Mods: Shaping a Generation

Day trip to Leicester to see the Mods: Shaping a Generation exhibition in the New Walk Museum. Some of you may know that once I lived in Leicester so it’s close to my heart. I wasn’t there in the 60s but I was a student and then taught there in the 70s so I was hoping for many nostalgic highlights.

                 

The exhibition was great. Fab exhibits – suede and leather coats to die for, sparkling Vespas and Lambrettas, wonderful music – Green Onions was playing as we walked in, followed by Harlem Shuffle.  Milling around with the other visitors was like being at a Corn Exchange reunion. Everyone talking, remembering their coffee bar and their dance hall, sharing stories.

One item was a silk headscarf (we all wore them) that had been soaked in perfume. The note beside the scarf said that in Leicester in the 60s girls wore Youth Dew – who knew? In Chelmsford it was always Avon.

           

I spoke to a woman who said she had always worn Youth Dew. We discussed the North South divide. But our experiences were so similar her husband asked me if he’d met me before in the Dungeon (answer no).

    

To the sound of Harlem Shuffle I stood looking at the scooters next to a man who was almost sighing with nostalgia. He had had a Lambretta 175 he said. He preferred Lambrettas to Vespas because he felt you could personalise the panel, and I talked about the advantage of a Vespa bubble. He had been at Art College and then gone on to Coventry. I did my A levels at a Tec College that was also an Art School. We discussed our life experience.

I saw this quote from an old mod – how alien it was when flower power hit the scene. I felt that too, when I got to Birmingham in 1968 – nowhere near enough ironing with hippies.

Then I noticed this article about mods and rockers.

Who knew we were considered so radical? ‘overdressed mannequins’ indeed! The chance would have been a fine thing. But really I was a mod because I wanted to listen to great music and wear the fashions of the day. And sit on the back of a good scooter. And have fun.

The New Walk museum is a lovely building. The exhibition is very well laid out, everything is clear, and there’s a lot of room to stand and gaze. Read what the Independent had to say about it.  A history to be proud of.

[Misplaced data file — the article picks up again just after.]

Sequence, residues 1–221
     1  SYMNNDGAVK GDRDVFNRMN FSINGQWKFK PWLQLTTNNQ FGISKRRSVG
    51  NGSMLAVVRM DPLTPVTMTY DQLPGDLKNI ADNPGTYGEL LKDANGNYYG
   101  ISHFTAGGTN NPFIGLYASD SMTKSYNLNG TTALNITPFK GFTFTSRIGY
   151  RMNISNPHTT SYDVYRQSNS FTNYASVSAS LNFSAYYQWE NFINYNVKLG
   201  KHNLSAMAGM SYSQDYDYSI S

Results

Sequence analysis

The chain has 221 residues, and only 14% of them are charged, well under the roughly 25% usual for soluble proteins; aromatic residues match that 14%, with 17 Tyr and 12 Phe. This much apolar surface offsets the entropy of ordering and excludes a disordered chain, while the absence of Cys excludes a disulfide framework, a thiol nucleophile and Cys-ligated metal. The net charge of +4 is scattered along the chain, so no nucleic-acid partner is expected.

On top of the exhibition in New Walk, there was Richard III in the cathedral, and the market in the centre of town (a place I always loved) and a great meal in a very nice restaurant.

Get down there. The exhibition is free and it’s on till 30 June 2019, every day 11am – 4.30pm. It was a very good day and well worth the trip.

#generationmods  Leicester Museums

 

 

 

 

 

 

 

 

Lazy Sixties Afternoon

Galleywood Heritage Centre – formerly the Galleywood Race Course – was the venue for a great heritage day on Saturday 3 June. Lots of different groups guided visitors to ways of finding out about local history or their own family history, in a room that had once been the base of the Grandstand. It was a really hot sunny day, with much coming and going and sharing information and drinking tea and eating rather delicious cakes.  In a separate room, decorated with a host of interesting pictures of Chelmsford in the Sixties, and with the Kinks and Roy Orbison and the Stones crooning in the background, I was talking about My Generation.

What was very nice for me was hearing the experiences of those in the audience. In the first session there were no (ex)rockers, but in the second session there was a mix of (ex) mods and rockers – I had to be careful what I said. The discussion ranged far and wide from the pop groups that went to Southend to the £10 Poms who went to Australia, from Martin Ford (fashion emporium) where I bought my pin-striped fan pleated skirt, to the trendy straight shift dresses that made it easy to run up a new outfit for yourself. We talked about National Service and pubs and cafes. And I read a chapter from the new book (working title The Girl in the Green Mac) which went down well. So it was a great day all round.

One session ran from 11.30 to 12.30 and the second ran from 1.30 to 2.30. In between, with scarcely enough time for me to eat a cheese sandwich, Andy Stephens, a local reporter, asked me a few questions.  And here are the answers.